February 12, 2009 / 1:42 PM / 11 years ago

From Dutch sewers to jet fuel -- via algae

AMSTERDAM (Reuters) - Dutch biotechnology firm Ingrepro plans to harness waste from sewers, farms and industry to produce biofuel and algae, which it hopes will eventually power airplanes, its chief executive said on Thursday.

Ingrepro plans four initial projects in the Netherlands, and is set to start the first in September which aims to supply 20 percent of a city’s energy needs with biogas made from sewage waste while using the leftover nutrients for algae production.

“A lot of waste waters have a lot of nutrients, and people don’t know what to do with them — so why not grow the algae in the waste,” Carel Callenbach told Reuters in an interview.

“The waste of biomethane (biogas) plants has very rich nutrients left over. At the moment they just pump it to the river or throw it away — but we say next to these biomethane plants you need to build algal ponds to grow biomass.”

Other projects will use the waste from the potato industry, a food composting company and a large farm to produce energy from biogas and cultivate algae.

Callenbach said that despite the financial crisis, the company was not finding it more difficult to secure financing for projects because he saw investor interest for sustainable energy initiatives remaining strong.

The firm, which had revenues of about 2 million euros ($2.6 million) in 2008, is also negotiating similar projects in Malaysia, where its subsidiary is based, and in Brazil. It is targeting sales of 8 to 10 million euros in 2010.

Callenbach has worked with algae since 2001 and Ingrepro produces 50 tons a year for use in products ranging from plastics to feed ingredients. It also aims to produce jet fuel by extracting oil from the algae.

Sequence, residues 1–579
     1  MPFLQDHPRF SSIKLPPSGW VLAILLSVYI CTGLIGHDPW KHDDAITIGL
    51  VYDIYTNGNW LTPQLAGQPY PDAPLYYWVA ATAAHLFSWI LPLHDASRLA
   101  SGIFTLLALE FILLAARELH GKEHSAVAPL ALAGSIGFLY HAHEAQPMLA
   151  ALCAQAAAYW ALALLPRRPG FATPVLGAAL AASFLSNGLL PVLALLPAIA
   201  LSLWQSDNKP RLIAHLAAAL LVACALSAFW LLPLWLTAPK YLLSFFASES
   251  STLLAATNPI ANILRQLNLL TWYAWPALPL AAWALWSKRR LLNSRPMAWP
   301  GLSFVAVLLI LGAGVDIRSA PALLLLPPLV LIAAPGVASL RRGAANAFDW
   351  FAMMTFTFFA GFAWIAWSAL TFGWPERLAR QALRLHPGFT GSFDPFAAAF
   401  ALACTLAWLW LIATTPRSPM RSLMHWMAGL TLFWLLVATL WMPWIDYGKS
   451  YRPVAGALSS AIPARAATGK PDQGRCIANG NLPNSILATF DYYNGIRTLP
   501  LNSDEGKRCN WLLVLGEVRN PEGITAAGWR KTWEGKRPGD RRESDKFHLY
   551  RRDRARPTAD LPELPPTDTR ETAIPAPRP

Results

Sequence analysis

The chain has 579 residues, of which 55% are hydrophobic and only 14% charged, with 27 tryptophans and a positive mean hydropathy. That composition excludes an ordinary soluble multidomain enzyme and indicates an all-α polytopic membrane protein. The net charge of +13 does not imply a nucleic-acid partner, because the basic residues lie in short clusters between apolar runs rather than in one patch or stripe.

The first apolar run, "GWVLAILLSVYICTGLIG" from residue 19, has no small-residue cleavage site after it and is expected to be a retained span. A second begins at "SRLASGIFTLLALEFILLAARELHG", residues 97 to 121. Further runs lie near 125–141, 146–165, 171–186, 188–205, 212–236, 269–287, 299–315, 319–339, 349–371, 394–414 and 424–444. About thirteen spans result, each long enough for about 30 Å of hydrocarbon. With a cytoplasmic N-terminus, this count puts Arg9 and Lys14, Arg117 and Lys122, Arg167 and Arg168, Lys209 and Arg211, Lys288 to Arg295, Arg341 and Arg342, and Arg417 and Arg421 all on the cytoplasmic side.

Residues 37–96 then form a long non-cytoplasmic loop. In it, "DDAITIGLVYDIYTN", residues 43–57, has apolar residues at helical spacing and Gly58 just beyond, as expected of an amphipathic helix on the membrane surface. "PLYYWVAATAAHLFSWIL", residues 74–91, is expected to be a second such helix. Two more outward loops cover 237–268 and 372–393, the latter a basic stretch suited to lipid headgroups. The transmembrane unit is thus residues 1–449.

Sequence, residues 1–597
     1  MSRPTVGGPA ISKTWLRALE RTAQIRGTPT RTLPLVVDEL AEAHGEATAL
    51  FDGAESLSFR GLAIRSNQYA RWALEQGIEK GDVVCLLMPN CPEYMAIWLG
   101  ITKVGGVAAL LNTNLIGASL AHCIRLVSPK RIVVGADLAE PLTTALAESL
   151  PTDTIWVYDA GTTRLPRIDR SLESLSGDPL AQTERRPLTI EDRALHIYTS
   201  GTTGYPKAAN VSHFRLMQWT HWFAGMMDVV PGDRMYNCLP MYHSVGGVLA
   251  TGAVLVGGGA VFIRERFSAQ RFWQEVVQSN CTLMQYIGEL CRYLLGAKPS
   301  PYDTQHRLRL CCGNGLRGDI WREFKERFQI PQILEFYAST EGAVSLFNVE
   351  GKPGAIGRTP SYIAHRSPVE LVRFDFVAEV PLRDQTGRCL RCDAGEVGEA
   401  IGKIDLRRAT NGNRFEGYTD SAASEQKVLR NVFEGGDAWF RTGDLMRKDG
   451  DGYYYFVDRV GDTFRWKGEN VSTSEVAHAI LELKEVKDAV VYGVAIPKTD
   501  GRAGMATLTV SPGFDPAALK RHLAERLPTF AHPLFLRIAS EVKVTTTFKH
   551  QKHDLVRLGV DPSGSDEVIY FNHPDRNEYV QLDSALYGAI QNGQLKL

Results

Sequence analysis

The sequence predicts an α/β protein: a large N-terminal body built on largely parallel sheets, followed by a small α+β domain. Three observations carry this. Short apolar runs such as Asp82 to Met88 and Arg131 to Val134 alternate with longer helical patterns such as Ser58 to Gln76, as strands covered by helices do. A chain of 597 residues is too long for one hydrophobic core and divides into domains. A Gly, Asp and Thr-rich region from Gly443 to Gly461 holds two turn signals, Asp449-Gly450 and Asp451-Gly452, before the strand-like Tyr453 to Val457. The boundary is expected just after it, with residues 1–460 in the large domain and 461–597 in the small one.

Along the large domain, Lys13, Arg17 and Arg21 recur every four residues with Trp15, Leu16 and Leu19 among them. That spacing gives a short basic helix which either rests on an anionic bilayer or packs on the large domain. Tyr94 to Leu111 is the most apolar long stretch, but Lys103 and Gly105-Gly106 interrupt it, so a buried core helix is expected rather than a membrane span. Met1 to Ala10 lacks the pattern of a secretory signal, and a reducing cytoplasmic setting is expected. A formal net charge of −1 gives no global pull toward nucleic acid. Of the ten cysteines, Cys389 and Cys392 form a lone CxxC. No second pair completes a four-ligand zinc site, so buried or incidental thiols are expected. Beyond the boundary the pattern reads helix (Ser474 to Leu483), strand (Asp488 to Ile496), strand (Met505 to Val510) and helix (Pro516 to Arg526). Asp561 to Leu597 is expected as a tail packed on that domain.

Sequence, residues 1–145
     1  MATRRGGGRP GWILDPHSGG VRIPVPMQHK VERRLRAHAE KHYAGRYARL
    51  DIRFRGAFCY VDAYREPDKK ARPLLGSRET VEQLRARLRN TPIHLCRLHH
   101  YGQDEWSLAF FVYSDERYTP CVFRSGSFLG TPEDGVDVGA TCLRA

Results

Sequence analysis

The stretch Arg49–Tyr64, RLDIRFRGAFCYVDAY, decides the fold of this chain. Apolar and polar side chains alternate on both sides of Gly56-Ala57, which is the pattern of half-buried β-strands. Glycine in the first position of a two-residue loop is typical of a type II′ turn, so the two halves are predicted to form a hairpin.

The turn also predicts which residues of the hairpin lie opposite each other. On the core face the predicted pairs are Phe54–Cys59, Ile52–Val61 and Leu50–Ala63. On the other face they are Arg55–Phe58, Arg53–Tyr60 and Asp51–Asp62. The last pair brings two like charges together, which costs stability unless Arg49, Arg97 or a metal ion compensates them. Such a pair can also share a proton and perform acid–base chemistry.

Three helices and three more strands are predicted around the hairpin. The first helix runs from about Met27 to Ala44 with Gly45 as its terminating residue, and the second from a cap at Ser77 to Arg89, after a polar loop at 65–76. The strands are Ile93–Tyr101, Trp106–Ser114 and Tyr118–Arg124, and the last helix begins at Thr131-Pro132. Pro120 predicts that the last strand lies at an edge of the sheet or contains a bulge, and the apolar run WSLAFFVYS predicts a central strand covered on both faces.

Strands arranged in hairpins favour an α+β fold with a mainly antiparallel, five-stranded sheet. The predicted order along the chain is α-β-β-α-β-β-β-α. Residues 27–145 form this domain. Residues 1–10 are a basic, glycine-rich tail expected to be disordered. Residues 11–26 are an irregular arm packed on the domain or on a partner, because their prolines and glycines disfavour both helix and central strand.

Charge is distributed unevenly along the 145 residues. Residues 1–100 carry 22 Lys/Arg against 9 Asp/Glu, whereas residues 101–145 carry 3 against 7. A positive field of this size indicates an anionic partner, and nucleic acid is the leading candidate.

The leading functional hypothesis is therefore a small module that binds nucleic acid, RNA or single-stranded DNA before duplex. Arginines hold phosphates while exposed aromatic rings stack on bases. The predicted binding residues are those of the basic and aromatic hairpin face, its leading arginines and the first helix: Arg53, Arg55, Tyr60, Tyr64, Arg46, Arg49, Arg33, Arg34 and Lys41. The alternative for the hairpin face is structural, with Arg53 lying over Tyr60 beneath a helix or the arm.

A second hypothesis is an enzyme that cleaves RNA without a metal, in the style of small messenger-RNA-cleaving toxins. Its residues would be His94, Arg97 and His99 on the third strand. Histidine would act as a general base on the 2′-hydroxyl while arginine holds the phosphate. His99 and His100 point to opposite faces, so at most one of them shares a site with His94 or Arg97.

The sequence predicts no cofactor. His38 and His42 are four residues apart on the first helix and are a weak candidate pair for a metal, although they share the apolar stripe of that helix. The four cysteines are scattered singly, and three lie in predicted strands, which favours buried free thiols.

“We are not focusing on biodiesel we are focusing on aviation fuel because we think the car industry will go electric and liquid fuels will only be needed in airplanes,” Callenbach said.

He expected the firm would produce a small amount of jet fuel this year and offer it on a larger scale by 2011.

Companies are racing to find economic ways to turn algae, one of the planet’s oldest life forms, into vegetable oil that can be made into biodiesel, kerosene for jets and other fuels.

Such fuels are considered to be net carbon neutral because the algae absorbs greenhouse gases when it grows.

Callenbach said he aimed to integrate algae production into other processes so that waste could be used as a raw material. But he said the firm was experiencing some opposition from sewage companies reluctant to change existing infrastructure.

“Algae as a standalone has no future. Algae as an integrated system — that is the only way that algae will go into the future.”

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